Beren and Luthien—er, Geronimo and Ruby—settled down, spending most of their time outside Los Angeles on a little ranch in the California hills that Geronimo ran like a proper hidalgo. They had two children, Rodolfo—Rudy to his friends—and Charlotte. But everyone called her Charlie.
Temperance spent time in the finest boarding schools, and only got kicked out of one of them. She could shoot like an Olympian, sail like a pirate, and was already interested in learning how to fly a plane. Most of the time she lived with Captain Murphy and his new wife, the former Karen Eliot.
Jimmy had vanished. They followed him as best they could, tracking the withdrawals and deposits of a secret account he had access to. Ruby kept a bulletin board in her office with all the stories of mysterious strangers showing up in the nick of time to save people from dangers that seemed almost supernatural. Many had a picture of a man hunching to get out of the camera shot, or as if he carried the weight of the world on his back, hurrying away from the scene.
The 1942 holiday party that the Greys threw was a somber affair. Many of the guests attended in brand new Army or Navy dress uniforms. It was only five weeks after the attack on Pearl Harbor, but already there was an ominous sense that it might be the last time many of them would see each other.
Ruby was astonished to see Jimmy slip in, accompanied by a couple of M.P.s. She embraced him tightly.
“Stay here,” she said. “I’ll go get the others.”
Jimmy noticed that she limped.
“Good to see you, son,” said Senator Grey, walking up and pumping his hand. “There’s a man from the War Department wants to see you, but get settled first. Everything’s changing now. I get to like FDR publicly now. You’re looking good. I like the scar.”
Millicent walked by and handed Jimmy a double bourbon without a word. Mirabelle chased after her. She grabbed Jimmy’s shoulder as she went by. “Hello, James,” she whispered. “By the way, dad says hi.”
Jimmy drifted over to the edge of the room. Suddenly he stopped and turned around slowly.
“Hello, Janet,” he said.
“Jimmy. How nice of you to wander in from the cold.”
“I read your ‘novel’.”
“They’re thinking of making a movie, if they can get the right director. And special effects.”
“Tentacles?” he said with a grin.
“Turns out it really is difficult to get them to undulate.”
“How have you been?”
“Dad died last year. Guess you couldn’t make the funeral. Tell me, you still have that ring, or did you sell it?”
She didn’t throw her drink in his face before stalking off, but he flinched as if she had.
Someone tapped him on his shoulder from behind. He sighed and turned around. A nondescript man of average height and build, with grey hair, grey eyes, and a grey suit, was standing stiffly in front of him.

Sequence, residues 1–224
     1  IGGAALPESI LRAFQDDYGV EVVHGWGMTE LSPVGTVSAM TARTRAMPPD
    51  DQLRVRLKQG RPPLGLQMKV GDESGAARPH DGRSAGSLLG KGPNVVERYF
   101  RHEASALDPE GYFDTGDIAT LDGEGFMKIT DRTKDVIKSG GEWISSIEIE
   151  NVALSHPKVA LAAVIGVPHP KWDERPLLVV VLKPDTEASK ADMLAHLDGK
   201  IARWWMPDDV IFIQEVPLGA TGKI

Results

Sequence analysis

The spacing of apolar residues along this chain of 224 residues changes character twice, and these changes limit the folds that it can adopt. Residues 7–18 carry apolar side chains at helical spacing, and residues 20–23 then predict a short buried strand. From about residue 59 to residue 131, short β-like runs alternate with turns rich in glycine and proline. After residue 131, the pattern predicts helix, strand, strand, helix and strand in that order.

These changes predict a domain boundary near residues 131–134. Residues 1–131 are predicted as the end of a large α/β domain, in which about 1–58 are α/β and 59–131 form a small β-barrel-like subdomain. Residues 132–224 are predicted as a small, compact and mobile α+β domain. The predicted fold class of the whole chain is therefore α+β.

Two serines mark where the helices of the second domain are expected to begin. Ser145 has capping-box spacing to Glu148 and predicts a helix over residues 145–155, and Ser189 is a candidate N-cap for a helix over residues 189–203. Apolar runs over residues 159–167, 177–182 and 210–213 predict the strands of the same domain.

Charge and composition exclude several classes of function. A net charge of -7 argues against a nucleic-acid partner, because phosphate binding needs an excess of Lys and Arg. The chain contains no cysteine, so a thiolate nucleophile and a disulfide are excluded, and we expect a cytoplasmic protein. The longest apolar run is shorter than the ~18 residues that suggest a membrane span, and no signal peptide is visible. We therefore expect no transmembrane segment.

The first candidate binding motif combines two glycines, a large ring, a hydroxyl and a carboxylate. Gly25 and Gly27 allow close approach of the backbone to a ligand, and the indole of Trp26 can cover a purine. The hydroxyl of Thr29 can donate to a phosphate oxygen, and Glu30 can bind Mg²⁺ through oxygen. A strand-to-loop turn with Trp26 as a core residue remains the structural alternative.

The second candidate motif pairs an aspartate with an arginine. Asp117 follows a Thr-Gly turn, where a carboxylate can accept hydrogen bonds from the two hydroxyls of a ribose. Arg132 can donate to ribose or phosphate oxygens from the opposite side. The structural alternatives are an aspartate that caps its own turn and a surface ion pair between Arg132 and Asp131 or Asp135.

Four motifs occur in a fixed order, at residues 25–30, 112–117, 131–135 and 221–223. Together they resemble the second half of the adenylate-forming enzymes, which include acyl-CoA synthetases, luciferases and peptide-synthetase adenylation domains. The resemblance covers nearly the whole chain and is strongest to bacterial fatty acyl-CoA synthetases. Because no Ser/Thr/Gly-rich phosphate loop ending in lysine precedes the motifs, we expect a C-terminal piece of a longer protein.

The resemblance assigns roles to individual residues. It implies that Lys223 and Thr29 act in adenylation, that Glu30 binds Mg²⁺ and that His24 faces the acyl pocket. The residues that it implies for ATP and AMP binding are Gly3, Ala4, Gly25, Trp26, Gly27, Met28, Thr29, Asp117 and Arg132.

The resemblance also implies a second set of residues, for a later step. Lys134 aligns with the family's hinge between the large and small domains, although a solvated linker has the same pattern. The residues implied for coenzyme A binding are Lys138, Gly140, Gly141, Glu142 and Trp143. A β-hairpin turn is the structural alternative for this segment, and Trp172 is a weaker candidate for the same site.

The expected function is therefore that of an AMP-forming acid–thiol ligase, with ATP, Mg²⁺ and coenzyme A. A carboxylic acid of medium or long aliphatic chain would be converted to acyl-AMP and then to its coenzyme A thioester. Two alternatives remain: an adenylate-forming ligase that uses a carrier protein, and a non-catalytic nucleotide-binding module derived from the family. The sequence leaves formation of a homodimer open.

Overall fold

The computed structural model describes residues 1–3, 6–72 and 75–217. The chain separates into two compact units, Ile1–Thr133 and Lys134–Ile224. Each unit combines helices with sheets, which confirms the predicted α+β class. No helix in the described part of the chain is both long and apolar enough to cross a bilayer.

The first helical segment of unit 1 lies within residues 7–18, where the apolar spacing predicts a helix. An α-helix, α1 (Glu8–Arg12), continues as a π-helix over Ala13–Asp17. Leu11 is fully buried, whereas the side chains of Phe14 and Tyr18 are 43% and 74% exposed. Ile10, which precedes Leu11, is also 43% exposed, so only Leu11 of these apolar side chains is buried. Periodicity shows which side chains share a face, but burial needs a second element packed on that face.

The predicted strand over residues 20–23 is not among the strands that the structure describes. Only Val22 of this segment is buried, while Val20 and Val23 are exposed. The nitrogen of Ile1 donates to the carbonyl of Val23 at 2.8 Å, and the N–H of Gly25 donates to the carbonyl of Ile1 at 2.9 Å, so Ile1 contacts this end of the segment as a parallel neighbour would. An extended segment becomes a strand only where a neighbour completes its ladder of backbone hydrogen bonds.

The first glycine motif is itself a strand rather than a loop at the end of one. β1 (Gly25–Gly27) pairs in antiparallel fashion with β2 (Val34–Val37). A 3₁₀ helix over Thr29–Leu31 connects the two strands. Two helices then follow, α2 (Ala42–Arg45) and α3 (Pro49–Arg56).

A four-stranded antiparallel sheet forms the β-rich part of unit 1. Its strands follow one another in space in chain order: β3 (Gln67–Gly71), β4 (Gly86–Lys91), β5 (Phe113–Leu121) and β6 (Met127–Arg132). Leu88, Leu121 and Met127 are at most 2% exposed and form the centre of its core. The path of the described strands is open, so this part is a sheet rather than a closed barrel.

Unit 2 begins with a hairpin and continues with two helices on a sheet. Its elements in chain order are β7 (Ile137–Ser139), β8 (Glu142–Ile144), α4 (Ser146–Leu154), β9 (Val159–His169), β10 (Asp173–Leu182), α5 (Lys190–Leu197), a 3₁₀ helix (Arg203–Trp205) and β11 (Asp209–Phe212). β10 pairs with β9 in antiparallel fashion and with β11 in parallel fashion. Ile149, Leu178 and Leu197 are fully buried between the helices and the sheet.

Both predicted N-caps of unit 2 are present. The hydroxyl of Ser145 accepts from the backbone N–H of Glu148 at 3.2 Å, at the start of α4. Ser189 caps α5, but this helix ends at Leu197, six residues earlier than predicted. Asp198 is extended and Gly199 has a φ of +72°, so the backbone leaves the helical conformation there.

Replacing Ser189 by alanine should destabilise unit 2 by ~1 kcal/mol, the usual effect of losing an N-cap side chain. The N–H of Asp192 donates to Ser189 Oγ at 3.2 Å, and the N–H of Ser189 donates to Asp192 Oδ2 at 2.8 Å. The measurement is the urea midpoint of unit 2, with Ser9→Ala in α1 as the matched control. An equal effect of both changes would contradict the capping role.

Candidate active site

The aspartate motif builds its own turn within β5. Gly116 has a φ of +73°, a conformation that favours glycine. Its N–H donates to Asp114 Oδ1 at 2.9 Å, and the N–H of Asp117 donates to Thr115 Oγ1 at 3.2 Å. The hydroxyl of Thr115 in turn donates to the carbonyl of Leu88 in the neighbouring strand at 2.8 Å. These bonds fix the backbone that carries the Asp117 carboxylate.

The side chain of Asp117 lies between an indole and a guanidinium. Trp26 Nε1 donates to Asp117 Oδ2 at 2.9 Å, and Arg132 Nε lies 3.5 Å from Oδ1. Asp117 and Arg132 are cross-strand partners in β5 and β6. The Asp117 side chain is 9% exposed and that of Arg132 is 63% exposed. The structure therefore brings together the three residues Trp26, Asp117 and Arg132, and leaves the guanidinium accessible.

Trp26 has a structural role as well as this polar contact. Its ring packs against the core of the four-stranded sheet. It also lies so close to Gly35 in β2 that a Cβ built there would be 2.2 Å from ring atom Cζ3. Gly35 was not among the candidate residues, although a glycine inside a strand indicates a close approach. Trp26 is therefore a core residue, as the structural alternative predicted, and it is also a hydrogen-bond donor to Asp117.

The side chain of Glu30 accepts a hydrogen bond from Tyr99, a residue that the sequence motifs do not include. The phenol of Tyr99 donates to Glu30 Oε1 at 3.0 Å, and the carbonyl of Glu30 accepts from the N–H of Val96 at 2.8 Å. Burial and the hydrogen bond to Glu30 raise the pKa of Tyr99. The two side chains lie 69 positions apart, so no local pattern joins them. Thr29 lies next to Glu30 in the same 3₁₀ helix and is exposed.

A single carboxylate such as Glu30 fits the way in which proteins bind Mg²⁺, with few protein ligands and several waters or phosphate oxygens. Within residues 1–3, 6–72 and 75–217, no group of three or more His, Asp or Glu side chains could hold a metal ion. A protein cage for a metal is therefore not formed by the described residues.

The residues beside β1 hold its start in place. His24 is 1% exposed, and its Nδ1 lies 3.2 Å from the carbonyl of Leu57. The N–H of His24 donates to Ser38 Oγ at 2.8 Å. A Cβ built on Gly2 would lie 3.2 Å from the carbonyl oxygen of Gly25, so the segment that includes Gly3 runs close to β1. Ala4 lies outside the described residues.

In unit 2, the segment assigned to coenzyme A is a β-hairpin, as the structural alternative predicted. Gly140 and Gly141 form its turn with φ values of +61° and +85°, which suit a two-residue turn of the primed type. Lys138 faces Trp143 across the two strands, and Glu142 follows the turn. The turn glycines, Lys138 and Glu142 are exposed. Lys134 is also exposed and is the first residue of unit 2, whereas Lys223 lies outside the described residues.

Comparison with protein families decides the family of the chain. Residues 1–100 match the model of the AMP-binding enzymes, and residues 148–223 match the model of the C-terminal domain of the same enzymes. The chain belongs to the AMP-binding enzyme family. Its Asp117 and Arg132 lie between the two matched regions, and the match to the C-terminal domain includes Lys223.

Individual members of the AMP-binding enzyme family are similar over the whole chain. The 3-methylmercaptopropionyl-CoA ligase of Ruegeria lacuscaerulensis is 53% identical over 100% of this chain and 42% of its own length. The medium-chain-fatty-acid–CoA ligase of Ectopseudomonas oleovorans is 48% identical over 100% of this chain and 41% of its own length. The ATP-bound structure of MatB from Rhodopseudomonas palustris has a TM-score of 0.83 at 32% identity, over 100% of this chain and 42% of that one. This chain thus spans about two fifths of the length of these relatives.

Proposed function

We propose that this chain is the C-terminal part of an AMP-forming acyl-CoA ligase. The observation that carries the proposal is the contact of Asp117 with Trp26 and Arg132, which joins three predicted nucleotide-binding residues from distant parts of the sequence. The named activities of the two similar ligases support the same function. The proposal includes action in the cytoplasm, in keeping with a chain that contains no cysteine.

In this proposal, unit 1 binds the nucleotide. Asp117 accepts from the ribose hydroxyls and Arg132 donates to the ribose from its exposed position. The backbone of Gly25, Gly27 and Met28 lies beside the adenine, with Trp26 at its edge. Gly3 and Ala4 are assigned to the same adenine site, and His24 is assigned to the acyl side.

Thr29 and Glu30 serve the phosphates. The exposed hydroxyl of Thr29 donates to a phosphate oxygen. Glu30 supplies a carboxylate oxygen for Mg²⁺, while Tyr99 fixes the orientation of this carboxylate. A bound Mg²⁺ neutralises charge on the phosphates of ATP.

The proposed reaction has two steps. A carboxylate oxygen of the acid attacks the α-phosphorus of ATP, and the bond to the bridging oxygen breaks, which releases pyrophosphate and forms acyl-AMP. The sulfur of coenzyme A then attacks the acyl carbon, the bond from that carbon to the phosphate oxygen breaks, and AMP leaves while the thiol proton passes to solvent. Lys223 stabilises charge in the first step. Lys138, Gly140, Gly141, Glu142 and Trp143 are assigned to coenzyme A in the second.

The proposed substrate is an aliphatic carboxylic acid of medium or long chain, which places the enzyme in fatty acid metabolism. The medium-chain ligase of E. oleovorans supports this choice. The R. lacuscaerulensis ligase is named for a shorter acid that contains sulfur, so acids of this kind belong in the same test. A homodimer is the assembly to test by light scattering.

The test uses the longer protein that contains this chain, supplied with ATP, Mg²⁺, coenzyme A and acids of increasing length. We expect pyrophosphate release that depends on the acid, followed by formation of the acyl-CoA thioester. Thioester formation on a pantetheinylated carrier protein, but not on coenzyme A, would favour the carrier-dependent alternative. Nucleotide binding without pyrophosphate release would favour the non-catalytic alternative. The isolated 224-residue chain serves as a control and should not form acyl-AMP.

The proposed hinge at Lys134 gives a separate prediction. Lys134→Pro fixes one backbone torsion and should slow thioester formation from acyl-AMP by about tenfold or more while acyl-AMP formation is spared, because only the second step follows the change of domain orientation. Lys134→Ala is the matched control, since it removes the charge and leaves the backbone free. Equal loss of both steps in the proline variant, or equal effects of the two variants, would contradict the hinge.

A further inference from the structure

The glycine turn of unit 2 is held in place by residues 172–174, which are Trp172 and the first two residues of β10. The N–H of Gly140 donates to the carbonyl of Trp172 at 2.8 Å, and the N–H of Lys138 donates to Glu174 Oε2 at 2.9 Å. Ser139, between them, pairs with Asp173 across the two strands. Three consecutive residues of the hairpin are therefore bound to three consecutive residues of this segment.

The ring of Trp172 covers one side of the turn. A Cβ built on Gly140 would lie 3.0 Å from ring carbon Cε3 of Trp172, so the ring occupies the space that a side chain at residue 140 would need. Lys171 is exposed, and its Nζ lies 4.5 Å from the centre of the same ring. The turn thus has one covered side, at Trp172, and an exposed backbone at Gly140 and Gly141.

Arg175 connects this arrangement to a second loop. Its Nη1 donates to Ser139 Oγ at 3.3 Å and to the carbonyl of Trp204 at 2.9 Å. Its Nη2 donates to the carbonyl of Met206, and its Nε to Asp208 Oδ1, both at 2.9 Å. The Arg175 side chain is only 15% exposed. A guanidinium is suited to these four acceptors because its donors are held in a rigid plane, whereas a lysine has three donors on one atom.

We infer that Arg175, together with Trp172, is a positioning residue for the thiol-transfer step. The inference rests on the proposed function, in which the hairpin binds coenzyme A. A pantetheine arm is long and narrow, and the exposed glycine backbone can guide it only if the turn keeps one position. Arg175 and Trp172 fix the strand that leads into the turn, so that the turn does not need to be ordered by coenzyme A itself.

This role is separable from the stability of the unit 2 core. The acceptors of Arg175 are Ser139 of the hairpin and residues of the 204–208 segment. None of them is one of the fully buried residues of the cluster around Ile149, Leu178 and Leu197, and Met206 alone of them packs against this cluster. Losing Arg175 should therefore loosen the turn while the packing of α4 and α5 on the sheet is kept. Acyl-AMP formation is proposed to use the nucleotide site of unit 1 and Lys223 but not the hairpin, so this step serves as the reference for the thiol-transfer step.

“Are you James Wright?” the man said.
“If I said no, will you believe me?”
The man considered this for a moment. “No. You are James Wright. You have knowledge of the Great Race of Yith.” It wasn’t a question.
“Yes, I have.”
“Allow me to introduce myself. I am Kakakatak. I understand you had some dealings with a different branch of me at one point. That branch’s activities during the Great Temporal Crisis were noted with approval in the collective.”
“I must ask for a certain object that branch transported backward in time to give to you. Against all regulations, I might add. I’m not usually so loose on rules. That branch clearly fell under the bad influence of someone. The dagger, please.”
Jimmy handed him the ibis-headed Dagger of Thoth.
“Thank you,” said Kakakatak. “I will put it back where it will be. It is a shame that I don’t remember you much. Thus is temporal mechanics. Your tiny human brain would not understand.”
He held out his hand. Jimmy shook it. Kakakatak’s face took on an unusual expression, as if he was shocked to discover something. “Goodbye…old friend.”
He limply let go of Jimmy’s hand.
“See you again,” said Jimmy.
“Oh. I was left a message by myself to place a call for you. You should pick up that phone.” The grey man turned and walked away, quickly vanishing into the crowd.
There was an extension phone on a little table nearby. Jimmy picked up the receiver.
“Hold please,” said the operator. “One moment for Manhattan, Kansas.”
He listened to the static of the long distance lines for a while.
“Auckland residence,” said a woman’s voice suddenly in the receiver. “Who’s calling please?”
“My name is James Wright.”
“And who are you calling for?”
“I’m Elizabeth, yes.”
“Oh,” said Jimmy. He sat down on the floor next to the table. “Have you…have you ever thought of becoming a private investigator?”
“That’s a strange question,” Betty said nonchalantly. “I’m finishing up school now, and I’m in the 4H marksmanship group…I’m hoping to go to the University of Chicago next year, maybe get my degree in languages or…anthropology. I think I’d like to see the world a bit too.”
“Well. You keep up the good work.”
“All right. You sound like a very strange man…but a good one. Now that’s an odd thing for me to say this time.”
“Reminds me. You should look into reading Tropic of Cancer.”
“Sure, I read that. This girl I know at school gave it to me. Sorry, but I have to go mister. It’s time to feed the pigs.”
“Have a good life,” said Jimmy softly, and hung up.
[On the recording there’s some laughter at that line, but let me tell you…this is what I roleplay for. JP did a wonderful job this whole episode of conveying Jimmy’s utter collapse, and then capped it off with this beautifully understated scene.]